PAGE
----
Reorganizing the Calculations by Type Now I’ll turn my attention to the next feature change: supporting more categories of plays, each with its own charging and volume credits calculations. At the moment, to make changes here I have to go into the calculation functions and edit the conditions in there. The amountFor function highlights the central role the type of play has in the choice of calculations—but conditional logic like this tends to decay as further modifications are made unless it’s reinforced by more structural elements of the programming language. There are various ways to introduce structure to make this explicit, but in this case a natural approach is type polymorphism—a prominent feature of classical object-orientation. Classical OO has long been a controversial feature in the JavaScript world, but the ECMAScript 2015 version provides a sound syntax and structure for it. So it makes sense to use it in a right situation—like this one. My overall plan is to set up an inheritance hierarchy with comedy and tragedy subclasses that contain the calculation logic for those cases. Callers call a polymorphic amount function that the language will dispatch to the different calculations for the comedies and tragedies. I’ll make a similar structure for the volume credits calculation. To do this, I utilize a couple of refactorings. The core refactoring is Replace Conditional with Polymorphism (272), which changes a hunk of conditional code with polymorphism. But before I can do Replace Conditional with Polymorphism (272), I need to create an inheritance structure of some kind. I need to create a class to host the amount and volume credit functions. I begin by reviewing the calculation code. (One of the pleasant consequences of the previous refactoring is that I can now ignore the formatting code, so long as I produce the same output data structure. I can further support this by adding tests that probe the intermediate data structure.)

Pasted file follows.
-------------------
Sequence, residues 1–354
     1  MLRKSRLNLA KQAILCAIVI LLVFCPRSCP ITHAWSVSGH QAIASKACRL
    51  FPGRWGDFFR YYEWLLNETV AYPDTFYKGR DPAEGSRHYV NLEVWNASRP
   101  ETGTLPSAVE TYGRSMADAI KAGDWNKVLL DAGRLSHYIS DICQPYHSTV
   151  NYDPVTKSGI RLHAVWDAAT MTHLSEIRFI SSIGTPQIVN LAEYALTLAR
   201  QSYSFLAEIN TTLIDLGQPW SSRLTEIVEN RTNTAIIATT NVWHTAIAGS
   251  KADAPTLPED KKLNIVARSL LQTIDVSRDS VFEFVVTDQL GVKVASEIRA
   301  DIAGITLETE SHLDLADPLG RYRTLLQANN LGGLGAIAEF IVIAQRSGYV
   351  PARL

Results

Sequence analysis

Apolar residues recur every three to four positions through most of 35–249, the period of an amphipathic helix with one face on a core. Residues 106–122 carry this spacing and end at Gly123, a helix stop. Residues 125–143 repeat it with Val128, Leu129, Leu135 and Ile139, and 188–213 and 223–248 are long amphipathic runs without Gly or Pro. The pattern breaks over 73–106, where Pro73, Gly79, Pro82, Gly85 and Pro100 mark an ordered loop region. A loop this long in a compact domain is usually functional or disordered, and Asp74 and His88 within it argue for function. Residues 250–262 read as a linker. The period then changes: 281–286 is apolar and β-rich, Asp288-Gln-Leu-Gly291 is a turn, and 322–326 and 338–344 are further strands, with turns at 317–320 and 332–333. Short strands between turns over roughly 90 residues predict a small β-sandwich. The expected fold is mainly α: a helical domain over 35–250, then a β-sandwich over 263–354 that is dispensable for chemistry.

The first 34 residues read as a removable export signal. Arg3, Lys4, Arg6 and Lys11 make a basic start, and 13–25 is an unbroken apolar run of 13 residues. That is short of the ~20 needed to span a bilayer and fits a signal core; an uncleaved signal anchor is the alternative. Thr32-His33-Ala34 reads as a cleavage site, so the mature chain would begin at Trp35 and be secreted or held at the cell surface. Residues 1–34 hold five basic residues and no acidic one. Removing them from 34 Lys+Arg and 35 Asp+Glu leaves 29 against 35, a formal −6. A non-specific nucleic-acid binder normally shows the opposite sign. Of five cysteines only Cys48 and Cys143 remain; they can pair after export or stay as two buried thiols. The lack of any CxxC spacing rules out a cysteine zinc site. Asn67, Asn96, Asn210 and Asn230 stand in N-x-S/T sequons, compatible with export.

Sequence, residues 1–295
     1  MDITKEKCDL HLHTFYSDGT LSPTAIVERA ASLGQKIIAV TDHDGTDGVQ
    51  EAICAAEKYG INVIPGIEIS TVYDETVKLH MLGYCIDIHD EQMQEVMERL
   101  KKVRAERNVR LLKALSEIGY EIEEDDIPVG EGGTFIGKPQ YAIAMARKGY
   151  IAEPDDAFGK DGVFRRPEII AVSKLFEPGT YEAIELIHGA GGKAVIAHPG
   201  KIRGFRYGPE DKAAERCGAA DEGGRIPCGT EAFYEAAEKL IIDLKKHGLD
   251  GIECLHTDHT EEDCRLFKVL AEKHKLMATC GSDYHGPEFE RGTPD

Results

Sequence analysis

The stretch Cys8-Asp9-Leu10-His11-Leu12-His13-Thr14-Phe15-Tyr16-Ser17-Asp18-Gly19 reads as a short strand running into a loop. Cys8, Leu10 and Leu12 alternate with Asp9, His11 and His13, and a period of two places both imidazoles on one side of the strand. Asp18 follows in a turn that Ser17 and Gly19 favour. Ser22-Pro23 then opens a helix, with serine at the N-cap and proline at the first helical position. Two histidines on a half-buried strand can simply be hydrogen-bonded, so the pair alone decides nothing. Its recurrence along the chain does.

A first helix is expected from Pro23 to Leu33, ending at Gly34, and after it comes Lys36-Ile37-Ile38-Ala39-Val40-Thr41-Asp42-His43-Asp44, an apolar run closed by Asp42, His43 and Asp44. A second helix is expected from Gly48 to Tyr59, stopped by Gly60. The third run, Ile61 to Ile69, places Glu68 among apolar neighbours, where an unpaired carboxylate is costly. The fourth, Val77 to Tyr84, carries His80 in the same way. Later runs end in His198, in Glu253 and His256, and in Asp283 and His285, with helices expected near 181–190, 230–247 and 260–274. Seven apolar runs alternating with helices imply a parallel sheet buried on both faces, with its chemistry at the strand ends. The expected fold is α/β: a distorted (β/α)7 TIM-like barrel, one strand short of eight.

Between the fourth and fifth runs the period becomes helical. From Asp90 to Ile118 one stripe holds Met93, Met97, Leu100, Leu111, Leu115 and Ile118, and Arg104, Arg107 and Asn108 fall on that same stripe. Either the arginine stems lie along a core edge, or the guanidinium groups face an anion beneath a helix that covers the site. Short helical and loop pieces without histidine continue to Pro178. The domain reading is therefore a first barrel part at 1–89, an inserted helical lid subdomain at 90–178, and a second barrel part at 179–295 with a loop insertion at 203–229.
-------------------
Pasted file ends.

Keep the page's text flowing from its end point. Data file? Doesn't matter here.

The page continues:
Reorganizing the Calculations by Type

createStatementData.js… export default function createStatementData(invoice, plays) { const result = {}; result.customer = invoice.customer; result.performances = invoice.performances.map(enrichPerformance); result.totalAmount = totalAmount(result); result.totalVolumeCredits = totalVolumeCredits(result); return result; function enrichPerformance(aPerformance) { const result = Object.assign({}, aPerformance); result.play = playFor(result); result.amount = amountFor(result); result.volumeCredits = volumeCreditsFor(result); return result; } function playFor(aPerformance) { return plays[aPerformance.playID] } function amountFor(aPerformance) { let result = 0; switch (aPerformance.play.type) { case "tragedy": result = 40000; if (aPerformance.audience > 30) { result += 1000 * (aPerformance.audience - 30); } break; case "comedy": result = 30000; if (aPerformance.audience > 20) { result += 10000 + 500 * (aPerformance.audience - 20); } result += 300 * aPerformance.audience; break; default: throw new Error(`unknown type: ${aPerformance.play.type}`); } return result; } function volumeCreditsFor(aPerformance) { let result = 0; result += Math.max(aPerformance.audience - 30, 0); if ("comedy" === aPerformance.play.type) result += Math.floor(aPerformance.audience / 5); return result; } function totalAmount(data) { return data.performances .reduce((total, p) => total + p.amount, 0); }

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function totalVolumeCredits(data) { return data.performances .reduce((total, p) => total + p.volumeCredits, 0); }

Creating a Performance Calculator The enrichPerformance function is the key, since it populates the intermediate data structure with the data for each performance. Currently, it calls the conditional functions for amount and volume credits. What I need it to do is call those functions on a host class. Since that class hosts functions for calculating data about performances, I’ll call it a performance calculator. function createStatementData… function enrichPerformance(aPerformance) { const calculator = new PerformanceCalculator(aPerformance); const result = Object.assign({}, aPerformance); result.play = playFor(result); result.amount = amountFor(result); result.volumeCredits = volumeCreditsFor(result); return result; }